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Fermented Veggies | The Easiest DIY Ever.



Jun 5th, 2015

pickled veggies

Growing up, pickling and canning your own produce was something my grandmother did; why would I do it?  It looks so complicated.

Uh, no.  No it’s not.   And you know the saying that “nothing tastes as good as something homemade?”  This also applies to pickling (aka fermenting) your own veggies.

At first, when I tried this recipe, the first thought that came to my mind was “Why is it called ‘fermenting?’ Isn’t there a better term?”  Fermentation of vegetables dates back hundreds of years, and the literal fermentation process the produce goes through increases the time that they are edible, but it harnesses the nutritional value of the vegetables making them just as good for you as they would be if they were fresh! (Cue the “No way!”)  Seriously.  The fermentation also assists with things like balancing cultures in your digestive tract.  Pretty cool, huh?

Okay, now, let’s get into the most important part – how to do it!  I decided that since Cauliflower is all the rage right now, I wanted to see what it’s like pickled (spoiler alert: it’s AMAZING).

Get that Pot Ready.

Fermenting your veggies takes a little more than just putting fresh produce & vinegar into a jar.  Bust out that pot cause you’re going to need it for this (but only briefly).  What I found that worked was a standard stock pot – this allowed me to be able to see the salt fully mixed in and keep better tabs on not boiling it for too long.  You’ll want to bring the water to a boil, then add vinegar and the salt.

Boiling water

Spice it Up!

After you’re done doing that, you’ll want to layer everything in your jar – start with your spices (the spices add flavor and aid in the fermentation)!


Once those bad boys are in, add in your veggies – don’t be shy about adding a lot of vegetables, but be sure to leave room for the liquid.  I also like to add a few sprigs of fresh dill in there to really bring out the flavors.


Have Them Sooner Or Enjoy Them Later.

Finally, carefully pour in the liquid mixture and screw on your lid.  If you’re super hardcore, you can get fresh mason jars so you can seal the lids; this allows you to put the jars in the pantry and enjoy them later down the road (pickled veggies for Fall, anyone?)  Take advantage of having access to so many different kinds of fresh vegetables during the summer and save them for later in the year.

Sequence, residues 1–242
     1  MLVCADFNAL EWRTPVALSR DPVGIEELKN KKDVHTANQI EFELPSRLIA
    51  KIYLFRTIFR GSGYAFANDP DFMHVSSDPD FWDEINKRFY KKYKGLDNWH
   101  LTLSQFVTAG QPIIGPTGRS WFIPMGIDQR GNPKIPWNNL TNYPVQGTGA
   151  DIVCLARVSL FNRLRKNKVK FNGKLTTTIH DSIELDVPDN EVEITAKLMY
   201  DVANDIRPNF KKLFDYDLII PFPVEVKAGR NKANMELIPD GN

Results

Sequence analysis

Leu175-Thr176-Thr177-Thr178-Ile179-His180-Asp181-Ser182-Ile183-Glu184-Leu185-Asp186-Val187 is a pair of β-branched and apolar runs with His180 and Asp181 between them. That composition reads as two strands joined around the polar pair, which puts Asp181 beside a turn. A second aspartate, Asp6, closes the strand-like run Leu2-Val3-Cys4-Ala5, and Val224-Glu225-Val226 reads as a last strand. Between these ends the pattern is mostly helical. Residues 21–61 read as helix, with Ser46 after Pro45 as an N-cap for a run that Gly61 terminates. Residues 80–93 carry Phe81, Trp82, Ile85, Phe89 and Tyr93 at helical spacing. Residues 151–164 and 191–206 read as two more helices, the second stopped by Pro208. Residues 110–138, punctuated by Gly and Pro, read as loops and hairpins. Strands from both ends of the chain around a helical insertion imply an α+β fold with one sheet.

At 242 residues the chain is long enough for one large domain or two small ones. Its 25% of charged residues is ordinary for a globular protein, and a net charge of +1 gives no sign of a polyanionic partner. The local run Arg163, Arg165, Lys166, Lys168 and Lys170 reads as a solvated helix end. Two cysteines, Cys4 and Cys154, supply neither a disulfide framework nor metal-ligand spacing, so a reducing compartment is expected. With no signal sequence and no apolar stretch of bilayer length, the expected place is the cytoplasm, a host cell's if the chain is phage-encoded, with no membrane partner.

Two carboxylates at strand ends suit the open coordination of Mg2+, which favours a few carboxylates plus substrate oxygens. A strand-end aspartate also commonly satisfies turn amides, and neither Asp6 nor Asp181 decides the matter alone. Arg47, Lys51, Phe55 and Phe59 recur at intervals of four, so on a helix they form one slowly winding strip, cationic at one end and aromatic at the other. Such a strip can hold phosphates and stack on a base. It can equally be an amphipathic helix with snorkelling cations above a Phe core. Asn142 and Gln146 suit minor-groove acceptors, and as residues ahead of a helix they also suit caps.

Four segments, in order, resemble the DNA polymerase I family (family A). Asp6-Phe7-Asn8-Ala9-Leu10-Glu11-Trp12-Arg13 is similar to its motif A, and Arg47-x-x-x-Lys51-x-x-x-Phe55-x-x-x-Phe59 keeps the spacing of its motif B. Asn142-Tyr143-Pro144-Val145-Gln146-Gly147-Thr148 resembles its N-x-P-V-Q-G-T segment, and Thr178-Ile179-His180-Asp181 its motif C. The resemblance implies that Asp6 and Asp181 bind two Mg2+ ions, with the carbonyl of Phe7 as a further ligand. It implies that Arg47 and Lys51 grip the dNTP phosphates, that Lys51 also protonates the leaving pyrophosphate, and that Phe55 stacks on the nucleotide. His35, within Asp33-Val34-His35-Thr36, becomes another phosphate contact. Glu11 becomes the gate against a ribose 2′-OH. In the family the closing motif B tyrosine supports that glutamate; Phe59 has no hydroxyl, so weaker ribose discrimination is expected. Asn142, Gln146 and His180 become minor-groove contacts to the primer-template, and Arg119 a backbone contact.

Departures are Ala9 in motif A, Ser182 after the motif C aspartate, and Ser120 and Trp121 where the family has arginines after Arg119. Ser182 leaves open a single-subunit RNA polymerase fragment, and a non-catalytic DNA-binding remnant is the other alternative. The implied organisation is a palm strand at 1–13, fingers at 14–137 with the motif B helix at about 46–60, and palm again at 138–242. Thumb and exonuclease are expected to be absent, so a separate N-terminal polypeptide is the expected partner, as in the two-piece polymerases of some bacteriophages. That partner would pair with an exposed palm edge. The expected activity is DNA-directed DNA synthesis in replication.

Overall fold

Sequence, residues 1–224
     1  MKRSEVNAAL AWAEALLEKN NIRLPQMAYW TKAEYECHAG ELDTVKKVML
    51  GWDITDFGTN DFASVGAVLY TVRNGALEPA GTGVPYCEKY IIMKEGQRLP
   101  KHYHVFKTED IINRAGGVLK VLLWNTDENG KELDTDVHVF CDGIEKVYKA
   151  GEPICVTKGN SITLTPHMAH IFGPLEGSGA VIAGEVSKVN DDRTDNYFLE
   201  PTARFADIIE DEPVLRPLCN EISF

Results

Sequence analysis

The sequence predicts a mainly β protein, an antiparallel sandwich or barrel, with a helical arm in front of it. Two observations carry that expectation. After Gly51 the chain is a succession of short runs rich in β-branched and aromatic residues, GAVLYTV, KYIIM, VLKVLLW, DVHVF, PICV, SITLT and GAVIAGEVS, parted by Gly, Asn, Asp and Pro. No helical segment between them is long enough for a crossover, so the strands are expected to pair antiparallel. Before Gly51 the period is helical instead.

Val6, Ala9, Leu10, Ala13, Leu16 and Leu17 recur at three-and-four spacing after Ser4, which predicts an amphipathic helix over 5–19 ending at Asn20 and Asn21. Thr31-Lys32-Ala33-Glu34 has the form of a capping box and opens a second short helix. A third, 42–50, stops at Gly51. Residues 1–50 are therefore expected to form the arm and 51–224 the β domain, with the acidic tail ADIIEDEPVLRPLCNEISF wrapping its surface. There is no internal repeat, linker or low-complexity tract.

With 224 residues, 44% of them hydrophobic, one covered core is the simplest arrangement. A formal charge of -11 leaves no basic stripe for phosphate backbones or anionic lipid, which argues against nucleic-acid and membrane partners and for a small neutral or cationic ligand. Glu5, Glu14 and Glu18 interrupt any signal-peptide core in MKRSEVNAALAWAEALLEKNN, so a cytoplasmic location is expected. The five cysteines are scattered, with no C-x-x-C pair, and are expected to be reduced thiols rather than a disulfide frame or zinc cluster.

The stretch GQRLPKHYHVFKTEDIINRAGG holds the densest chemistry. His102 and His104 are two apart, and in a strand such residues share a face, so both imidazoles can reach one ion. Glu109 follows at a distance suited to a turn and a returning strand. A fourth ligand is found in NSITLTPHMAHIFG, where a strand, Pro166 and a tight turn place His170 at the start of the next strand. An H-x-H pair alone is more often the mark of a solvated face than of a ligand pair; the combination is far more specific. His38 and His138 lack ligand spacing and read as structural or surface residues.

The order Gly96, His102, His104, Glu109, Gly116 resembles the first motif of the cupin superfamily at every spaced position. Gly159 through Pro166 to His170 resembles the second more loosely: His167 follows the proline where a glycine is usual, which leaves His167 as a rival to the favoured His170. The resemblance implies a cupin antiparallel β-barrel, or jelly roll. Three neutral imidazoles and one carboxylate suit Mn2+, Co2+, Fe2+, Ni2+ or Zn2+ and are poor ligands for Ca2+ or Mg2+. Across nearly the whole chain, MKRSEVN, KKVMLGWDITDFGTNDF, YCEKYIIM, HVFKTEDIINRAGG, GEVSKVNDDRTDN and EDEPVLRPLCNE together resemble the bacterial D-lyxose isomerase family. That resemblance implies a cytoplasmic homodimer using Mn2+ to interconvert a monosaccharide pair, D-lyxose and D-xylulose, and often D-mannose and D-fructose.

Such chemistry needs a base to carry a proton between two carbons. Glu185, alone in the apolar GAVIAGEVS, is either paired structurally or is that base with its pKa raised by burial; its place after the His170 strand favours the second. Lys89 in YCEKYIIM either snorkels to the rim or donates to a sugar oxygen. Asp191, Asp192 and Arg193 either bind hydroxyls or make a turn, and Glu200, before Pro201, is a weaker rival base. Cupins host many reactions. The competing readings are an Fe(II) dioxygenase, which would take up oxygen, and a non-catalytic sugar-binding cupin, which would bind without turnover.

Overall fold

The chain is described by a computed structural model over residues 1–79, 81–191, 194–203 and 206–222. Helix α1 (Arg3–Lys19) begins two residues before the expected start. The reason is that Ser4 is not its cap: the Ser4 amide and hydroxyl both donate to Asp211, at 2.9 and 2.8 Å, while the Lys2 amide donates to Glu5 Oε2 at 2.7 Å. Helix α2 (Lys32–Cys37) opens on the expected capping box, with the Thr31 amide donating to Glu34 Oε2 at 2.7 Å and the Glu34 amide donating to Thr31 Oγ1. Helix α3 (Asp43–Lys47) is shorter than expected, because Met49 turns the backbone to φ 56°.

fermented veggies

If you’re itching to try these sooner rather than later, at least allow your veggies 4-5 days to fully ferment and soak up all those delicious flavors.  Remember: sometimes, freshly picked veggies only get better with age. Want the full set of instructions?  We’ve got those waiting for you right here.

We wanna know: What’s your go-to DIY pickled veggie? Tell us in the comments!

12 Responses to Fermented Veggies | The Easiest DIY Ever.

  1. elaine ellison 20/06/2015 at 8:26 am

    whats the recipe??? how much of what do you use

    • Customer Care 20/06/2015 at 12:26 pm

      Hi Elaine, sorry you had difficulty finding the link for the full details. The link for the full details is below the last picture or you can click here to check it out ~Cristina

  2. Patrick Buccieri 20/06/2015 at 10:39 am

    What good is a pickling recipe if you don’t even tell me the basic spices to use. Then you could list other possible additions!

    • Customer Care 20/06/2015 at 12:36 pm

      Hi, Patrick. We apologize for the confusion. You can find the recipe and direction by clicking on the blue “here” under the last jar image of the page. ~Jennifer

  3. Beth 20/06/2015 at 12:48 pm

    Looks great! I’m not so sure about the seal part. How do I know I’ve got a proper seal so I can store it in the pantry? Or will an screw-top do?

  4. Heather Rodman 20/06/2015 at 7:10 pm

    Hey, Jennifer, just wanted to let you know- that link doesn’t go to the recipe!

    It takes you to the weekly ad landing page- it even says so, in the URL. Here’s the link to the recipe:

    Might want to fix that. 😉

    • Customer Care 20/06/2015 at 10:04 pm

      Thanks for pointing this out, Heather. The link will now go to the recipe. ~Victor

  5. Robert 22/06/2015 at 10:20 am

    Can regular table salt be substituted for Kosher salt?

    • Customer Care 23/06/2015 at 12:21 pm

      Yes it can, Robert, though regular table salt does not meet Kosher requirements. ~Liralen

  6. Robin 07/01/2016 at 2:50 pm

    PLAIN table salt can be used instead of Kosher salt, IODIZED salt should not be used. It usually contains anti-caking additives that may make the brine cloudy or produce sediment.

  7. Mike 04/08/2017 at 6:29 pm

    This is pickling, NOT fermenting. True fermenting does NOT use vinegar, nor do you use the stove to heat anything in most cases. Fermentation creates it’s own acid, and you need to store it in the refrigerator, not the pantry, unless you can it afterwards. Canning destroys the Probiotics that are created by the fermenting process, although you can store in the refrigerator for many months if done correctly (you need to check the PH first).

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